Torture-based mind control: psychological mechanisms and psychotherapeutic approaches to overcoming mind control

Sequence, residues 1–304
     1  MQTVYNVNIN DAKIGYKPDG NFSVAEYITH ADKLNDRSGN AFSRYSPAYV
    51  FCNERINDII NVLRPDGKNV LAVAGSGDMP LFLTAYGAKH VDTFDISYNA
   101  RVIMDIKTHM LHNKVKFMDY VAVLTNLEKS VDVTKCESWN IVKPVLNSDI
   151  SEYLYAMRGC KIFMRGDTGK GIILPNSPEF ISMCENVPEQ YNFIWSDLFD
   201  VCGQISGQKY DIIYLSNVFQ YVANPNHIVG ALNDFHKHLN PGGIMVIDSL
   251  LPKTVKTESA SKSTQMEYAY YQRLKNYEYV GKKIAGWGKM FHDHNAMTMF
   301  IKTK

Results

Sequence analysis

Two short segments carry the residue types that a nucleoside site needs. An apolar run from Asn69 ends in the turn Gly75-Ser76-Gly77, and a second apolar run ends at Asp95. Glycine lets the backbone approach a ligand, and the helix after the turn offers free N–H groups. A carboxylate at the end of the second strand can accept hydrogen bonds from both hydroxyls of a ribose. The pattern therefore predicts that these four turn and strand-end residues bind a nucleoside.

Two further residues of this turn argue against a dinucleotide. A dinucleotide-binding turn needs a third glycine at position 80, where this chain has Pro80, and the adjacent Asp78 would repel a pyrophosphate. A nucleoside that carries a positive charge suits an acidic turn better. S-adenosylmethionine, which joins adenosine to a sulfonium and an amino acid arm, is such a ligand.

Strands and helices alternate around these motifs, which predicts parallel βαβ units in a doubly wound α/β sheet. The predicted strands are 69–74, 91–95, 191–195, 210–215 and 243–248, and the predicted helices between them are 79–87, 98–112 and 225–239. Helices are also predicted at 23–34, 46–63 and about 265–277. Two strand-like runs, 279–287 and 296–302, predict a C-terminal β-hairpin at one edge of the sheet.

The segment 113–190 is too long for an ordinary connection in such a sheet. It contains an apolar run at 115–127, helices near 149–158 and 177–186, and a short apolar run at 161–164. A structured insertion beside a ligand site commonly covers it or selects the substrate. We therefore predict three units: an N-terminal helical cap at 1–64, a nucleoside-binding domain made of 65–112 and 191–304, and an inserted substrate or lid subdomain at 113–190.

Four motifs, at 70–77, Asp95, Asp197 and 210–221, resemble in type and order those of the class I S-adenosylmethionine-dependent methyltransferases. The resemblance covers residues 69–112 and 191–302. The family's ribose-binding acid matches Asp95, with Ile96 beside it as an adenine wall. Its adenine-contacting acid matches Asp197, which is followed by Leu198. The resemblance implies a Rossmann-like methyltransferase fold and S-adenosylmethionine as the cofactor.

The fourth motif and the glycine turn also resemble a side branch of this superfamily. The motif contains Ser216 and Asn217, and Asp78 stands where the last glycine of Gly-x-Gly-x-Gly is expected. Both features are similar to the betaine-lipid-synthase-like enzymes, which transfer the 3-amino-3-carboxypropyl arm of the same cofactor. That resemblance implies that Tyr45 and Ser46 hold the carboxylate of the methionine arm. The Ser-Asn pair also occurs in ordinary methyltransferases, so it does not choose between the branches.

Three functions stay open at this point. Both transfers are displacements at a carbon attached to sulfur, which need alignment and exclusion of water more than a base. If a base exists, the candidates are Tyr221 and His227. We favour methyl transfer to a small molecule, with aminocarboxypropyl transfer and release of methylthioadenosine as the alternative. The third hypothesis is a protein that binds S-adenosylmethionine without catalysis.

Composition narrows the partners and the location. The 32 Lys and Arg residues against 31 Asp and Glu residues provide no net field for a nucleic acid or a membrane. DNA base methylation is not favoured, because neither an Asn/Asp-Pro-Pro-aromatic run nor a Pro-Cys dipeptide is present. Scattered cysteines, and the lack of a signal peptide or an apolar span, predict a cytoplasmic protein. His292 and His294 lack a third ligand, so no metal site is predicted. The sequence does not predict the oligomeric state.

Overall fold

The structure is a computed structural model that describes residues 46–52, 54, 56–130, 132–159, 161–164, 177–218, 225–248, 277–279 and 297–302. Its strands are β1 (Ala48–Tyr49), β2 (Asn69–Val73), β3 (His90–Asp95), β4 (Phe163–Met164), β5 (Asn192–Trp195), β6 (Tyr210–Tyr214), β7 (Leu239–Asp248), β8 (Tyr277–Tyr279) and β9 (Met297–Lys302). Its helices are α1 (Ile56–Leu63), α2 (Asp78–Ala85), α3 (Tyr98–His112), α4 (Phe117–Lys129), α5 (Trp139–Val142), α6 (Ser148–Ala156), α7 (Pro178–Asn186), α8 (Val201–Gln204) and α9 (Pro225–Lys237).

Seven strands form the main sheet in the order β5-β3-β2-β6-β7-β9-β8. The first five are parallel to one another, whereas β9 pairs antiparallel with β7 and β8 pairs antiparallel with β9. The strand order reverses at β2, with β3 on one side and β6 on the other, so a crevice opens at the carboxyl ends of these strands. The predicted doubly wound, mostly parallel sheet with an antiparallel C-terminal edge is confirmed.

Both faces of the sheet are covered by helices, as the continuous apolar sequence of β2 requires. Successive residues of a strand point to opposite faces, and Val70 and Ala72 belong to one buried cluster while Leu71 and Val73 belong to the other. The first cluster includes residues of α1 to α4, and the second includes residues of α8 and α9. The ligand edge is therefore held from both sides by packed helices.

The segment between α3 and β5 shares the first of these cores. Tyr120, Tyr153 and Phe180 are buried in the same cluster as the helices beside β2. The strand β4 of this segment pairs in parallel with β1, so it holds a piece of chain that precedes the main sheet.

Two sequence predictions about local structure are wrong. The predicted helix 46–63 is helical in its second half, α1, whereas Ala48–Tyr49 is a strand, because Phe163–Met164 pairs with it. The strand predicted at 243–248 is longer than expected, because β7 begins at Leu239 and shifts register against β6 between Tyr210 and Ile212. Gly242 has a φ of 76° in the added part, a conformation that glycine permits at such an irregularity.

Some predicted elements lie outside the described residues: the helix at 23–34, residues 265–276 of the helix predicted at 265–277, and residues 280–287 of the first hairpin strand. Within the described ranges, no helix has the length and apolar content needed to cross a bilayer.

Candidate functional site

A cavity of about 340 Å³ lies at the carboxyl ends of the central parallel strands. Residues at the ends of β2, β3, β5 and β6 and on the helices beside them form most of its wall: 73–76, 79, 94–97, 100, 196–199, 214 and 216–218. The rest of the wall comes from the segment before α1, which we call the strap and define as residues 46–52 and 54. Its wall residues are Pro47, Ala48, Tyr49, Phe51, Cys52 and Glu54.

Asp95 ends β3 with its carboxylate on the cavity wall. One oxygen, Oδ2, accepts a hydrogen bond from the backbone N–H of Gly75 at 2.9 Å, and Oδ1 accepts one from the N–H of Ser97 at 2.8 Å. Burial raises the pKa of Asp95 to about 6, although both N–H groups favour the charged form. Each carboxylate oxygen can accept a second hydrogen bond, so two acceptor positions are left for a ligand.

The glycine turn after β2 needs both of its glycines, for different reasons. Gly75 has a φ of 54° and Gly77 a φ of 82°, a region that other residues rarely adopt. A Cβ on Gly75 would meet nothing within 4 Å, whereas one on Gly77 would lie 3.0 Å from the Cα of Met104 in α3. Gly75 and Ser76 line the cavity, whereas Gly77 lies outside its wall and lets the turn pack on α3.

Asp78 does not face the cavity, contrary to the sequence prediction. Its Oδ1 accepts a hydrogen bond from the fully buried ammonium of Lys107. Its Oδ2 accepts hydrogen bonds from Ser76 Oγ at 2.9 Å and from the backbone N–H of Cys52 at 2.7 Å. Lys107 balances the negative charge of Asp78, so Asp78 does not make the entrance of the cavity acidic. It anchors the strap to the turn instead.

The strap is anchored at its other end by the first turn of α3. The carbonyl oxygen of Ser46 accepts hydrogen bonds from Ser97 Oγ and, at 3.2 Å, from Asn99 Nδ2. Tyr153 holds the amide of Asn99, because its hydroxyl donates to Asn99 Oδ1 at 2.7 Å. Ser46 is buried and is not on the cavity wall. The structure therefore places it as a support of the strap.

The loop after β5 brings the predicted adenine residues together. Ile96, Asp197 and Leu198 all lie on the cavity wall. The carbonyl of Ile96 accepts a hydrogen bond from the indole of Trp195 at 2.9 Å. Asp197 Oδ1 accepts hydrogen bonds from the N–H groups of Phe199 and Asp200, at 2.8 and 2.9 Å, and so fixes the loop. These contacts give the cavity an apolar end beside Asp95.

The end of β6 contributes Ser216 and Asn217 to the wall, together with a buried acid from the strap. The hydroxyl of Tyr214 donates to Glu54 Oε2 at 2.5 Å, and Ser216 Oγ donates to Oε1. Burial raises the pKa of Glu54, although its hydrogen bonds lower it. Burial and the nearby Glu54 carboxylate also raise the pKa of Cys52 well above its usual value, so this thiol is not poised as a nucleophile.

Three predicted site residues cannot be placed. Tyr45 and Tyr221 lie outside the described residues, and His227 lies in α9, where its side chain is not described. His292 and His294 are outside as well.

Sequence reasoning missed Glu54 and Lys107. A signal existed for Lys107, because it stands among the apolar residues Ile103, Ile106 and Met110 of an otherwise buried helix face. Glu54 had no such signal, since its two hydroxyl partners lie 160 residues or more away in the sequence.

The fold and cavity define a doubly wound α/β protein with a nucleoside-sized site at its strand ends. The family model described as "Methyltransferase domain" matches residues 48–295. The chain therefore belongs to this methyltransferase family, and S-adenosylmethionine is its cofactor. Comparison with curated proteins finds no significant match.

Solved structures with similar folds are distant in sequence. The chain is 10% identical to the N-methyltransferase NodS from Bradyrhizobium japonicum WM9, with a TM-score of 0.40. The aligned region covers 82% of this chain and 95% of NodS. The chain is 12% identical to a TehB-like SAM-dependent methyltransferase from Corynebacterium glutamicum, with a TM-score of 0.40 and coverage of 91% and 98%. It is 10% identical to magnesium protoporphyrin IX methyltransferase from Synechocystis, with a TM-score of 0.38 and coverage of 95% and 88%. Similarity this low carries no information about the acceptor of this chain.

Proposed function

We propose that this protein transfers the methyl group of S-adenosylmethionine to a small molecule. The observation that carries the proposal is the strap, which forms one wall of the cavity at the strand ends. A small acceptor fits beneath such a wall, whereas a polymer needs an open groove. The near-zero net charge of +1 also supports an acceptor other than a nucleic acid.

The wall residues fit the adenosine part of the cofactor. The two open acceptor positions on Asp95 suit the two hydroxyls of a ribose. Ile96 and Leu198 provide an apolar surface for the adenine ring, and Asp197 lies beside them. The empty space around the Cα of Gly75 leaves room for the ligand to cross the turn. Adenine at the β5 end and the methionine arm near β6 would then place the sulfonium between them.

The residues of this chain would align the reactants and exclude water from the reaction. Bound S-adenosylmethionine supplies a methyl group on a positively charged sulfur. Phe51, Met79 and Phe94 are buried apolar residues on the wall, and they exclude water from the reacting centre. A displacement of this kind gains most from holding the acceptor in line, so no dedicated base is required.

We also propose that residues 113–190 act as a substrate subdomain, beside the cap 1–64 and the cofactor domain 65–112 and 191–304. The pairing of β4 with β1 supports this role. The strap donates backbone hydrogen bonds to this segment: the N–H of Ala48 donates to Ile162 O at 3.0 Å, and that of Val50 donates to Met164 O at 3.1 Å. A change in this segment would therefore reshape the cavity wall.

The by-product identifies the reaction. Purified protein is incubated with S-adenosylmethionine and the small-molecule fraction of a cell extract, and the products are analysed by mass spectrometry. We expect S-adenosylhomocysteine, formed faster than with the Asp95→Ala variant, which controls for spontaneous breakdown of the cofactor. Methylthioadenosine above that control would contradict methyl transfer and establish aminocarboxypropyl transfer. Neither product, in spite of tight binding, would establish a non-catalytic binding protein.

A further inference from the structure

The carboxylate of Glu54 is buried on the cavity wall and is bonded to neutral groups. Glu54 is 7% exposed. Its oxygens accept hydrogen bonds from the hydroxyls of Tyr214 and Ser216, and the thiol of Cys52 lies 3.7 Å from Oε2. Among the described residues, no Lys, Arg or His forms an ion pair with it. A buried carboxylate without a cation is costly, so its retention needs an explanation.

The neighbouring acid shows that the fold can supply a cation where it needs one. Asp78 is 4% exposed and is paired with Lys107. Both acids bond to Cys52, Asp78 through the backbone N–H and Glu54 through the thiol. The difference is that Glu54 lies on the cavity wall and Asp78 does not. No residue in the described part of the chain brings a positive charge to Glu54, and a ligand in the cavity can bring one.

The term “executive control” refers to the implementation of mental functions, otherwise known as “executive functions”, that enable goal-directed thought and behaviour, including self-awareness, motivation, volition, initiation, planning, purposive action, and self-regulation, which relies on monitoring, shifting, inhibiting, and self-correcting, functions primarily attributed to the frontal lobes, specifically the prefrontal cortex. Torture-based mind control is practised by individuals and groups who seek to maximally control and exploit others, particularly children. Survivor accounts are the primary source material on torture-based mind control. Critics say this is untrustworthy data. The dissociated fear of torture is greater than the fear of executing the self-endangering behaviour desired by the programmer. Although never have evidence of torture-based mind control directly evolving from military electroshock treatments. Torture-based mind control, by most survivor reports, begins before four years of age, usually by age two, to make the psyche dissociation-prone and to serve as a foundation for later programming.